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This is a continuation of an earlier post on roads being used as solar dryers. Our trip across Tarlac brought us to more of these facilities being used for agricultural purposes. The following photos are from San Jose and Mayantoc towns, which are obviously predominantly agricultural. The photos show lands devoted to agricultural as far as the eye could see and most are planted with rice.
A friend commented that something should be done to reduce if not eliminate such practices along roads. I replied that this is basically the responsibility of local government units including barangay officials who should be educated about the dangers posed to travellers as well as the deterioration in the quality of the rice as it gets compromised from the waste and grinding they get from vehicles. In terms of practicality and recognising the limitation in funds for solar dryers, roads seem to be the easier and versatile option. Basketball courts and other concreted spaces scattered around the countryside do not make sense where roads would have more use especially to address accessibility issues (e.g., farm to market roads).
Another friend commented on the earlier post that he almost had a collision with another motorcycle rider as the entire road was covered with rice being dried by farmers. I reasoned out that for rural roads with very low traffic, a single lane covered with rice could be tolerable but using the entire road width just is not right. Motorcycle can easily slip or skid along such rice-covered roads resulting in serious injuries if not fatalities. For most cases of what I’ve seen recently, the roads quality as having low traffic and rice is being dried only along one lane so we know at least that people are aware that one lane should at least be free of obstructions.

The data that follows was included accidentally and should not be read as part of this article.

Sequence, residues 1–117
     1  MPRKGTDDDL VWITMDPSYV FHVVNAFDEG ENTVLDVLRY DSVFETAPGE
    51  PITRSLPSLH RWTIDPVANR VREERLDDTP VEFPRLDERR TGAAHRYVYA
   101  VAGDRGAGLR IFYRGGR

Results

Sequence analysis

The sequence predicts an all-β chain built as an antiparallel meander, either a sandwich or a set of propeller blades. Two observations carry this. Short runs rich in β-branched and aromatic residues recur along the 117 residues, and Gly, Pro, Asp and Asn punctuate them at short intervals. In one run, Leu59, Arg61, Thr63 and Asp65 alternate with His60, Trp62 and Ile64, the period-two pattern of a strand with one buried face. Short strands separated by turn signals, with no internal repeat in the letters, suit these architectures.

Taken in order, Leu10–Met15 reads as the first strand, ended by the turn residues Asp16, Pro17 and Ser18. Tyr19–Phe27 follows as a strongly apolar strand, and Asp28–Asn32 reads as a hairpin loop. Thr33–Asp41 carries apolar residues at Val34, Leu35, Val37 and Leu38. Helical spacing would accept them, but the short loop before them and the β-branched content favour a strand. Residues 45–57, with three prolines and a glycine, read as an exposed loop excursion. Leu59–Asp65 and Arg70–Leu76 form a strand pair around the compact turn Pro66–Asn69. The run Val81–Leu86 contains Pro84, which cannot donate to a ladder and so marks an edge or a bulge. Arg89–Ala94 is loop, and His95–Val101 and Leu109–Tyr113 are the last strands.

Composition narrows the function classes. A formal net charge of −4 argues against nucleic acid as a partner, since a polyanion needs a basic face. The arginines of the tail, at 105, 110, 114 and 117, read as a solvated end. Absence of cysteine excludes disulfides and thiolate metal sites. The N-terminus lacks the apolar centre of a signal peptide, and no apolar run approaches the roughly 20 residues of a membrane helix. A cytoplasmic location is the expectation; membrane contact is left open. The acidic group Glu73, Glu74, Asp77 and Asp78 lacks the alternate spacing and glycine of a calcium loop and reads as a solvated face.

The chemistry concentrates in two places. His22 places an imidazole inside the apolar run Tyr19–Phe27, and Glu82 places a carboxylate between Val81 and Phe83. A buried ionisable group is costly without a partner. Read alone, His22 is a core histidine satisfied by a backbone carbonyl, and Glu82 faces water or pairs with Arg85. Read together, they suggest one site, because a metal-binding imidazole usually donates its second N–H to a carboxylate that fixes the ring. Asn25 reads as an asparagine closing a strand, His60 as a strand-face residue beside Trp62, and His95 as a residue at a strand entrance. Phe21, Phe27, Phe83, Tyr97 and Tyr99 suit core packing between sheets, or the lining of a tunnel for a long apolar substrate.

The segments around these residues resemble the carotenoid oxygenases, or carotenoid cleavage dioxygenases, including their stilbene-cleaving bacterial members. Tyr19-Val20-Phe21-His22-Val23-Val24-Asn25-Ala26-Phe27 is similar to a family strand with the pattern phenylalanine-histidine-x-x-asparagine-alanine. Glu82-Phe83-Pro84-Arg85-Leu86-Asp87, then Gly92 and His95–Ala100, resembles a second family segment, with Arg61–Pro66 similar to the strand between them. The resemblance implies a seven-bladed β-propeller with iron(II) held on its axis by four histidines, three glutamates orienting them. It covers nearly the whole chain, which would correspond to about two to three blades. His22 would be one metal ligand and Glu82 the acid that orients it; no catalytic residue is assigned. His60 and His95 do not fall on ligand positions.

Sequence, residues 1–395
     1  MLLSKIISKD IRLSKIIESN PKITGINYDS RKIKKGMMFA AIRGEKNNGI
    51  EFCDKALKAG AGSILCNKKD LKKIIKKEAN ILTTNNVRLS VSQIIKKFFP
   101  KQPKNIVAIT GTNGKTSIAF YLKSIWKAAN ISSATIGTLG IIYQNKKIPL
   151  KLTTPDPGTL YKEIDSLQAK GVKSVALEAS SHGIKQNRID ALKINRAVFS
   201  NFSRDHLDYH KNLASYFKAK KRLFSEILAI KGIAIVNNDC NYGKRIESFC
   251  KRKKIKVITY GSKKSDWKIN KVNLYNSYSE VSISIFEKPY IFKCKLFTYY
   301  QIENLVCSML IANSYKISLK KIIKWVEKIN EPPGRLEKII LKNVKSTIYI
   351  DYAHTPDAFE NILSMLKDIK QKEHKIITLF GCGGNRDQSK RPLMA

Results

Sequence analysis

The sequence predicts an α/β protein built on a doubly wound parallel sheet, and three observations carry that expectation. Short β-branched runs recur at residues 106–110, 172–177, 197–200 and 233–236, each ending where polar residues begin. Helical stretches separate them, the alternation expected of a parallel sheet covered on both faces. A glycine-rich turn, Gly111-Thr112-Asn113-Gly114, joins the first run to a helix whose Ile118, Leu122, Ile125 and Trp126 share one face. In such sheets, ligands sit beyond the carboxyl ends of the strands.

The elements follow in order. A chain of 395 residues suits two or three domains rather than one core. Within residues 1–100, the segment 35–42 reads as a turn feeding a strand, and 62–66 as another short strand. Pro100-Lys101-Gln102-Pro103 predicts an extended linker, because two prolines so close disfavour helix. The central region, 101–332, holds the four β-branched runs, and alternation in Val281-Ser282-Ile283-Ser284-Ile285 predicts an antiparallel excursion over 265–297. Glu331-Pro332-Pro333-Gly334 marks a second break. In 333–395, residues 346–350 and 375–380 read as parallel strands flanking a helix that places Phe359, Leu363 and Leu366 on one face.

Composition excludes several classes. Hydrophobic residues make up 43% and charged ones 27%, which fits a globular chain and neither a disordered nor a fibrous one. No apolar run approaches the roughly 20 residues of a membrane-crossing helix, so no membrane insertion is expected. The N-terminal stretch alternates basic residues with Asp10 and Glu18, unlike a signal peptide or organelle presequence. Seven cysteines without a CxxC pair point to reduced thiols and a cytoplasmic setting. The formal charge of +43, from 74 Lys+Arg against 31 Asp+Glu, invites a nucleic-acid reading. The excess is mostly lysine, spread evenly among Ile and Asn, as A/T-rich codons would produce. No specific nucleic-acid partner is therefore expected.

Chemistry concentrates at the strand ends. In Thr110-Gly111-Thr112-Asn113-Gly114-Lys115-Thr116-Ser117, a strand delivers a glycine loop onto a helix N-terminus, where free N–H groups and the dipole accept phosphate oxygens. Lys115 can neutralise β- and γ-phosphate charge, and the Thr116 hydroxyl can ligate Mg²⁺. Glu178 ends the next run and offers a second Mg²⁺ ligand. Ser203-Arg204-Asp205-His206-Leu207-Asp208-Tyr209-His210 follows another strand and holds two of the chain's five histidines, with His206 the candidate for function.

4 – That’s corn being dried just beside the pick-up truck in the photo.
8 – Bad practice of spreading the grains across the entire road carriageway
The last photo is of corn kernels being dried on a basketball court. You can see the cobs piled near the stage, which shelters what looks like sacks of corn. As I mentioned earlier, it is possible to have such basketball courts or social facilities to be used as solar dryers. Even schools grounds can be used for this purpose but only for weekends or during the summer breaks. However, it would be impractical to have basketball courts and plazas scattered all over the countryside just for this purpose especially in places where there aren’t much people in the first place. Roads still offer the more flexible use (i.e., access/FMR and solar dryer) as long as traffic is not significant. Perhaps where traffic is significant (i.e., significantly populated areas) then such “off-road” facilities should be constructed. But again, the responsibility for making sure roads are clear of agricultural products would fall unto the LGUs.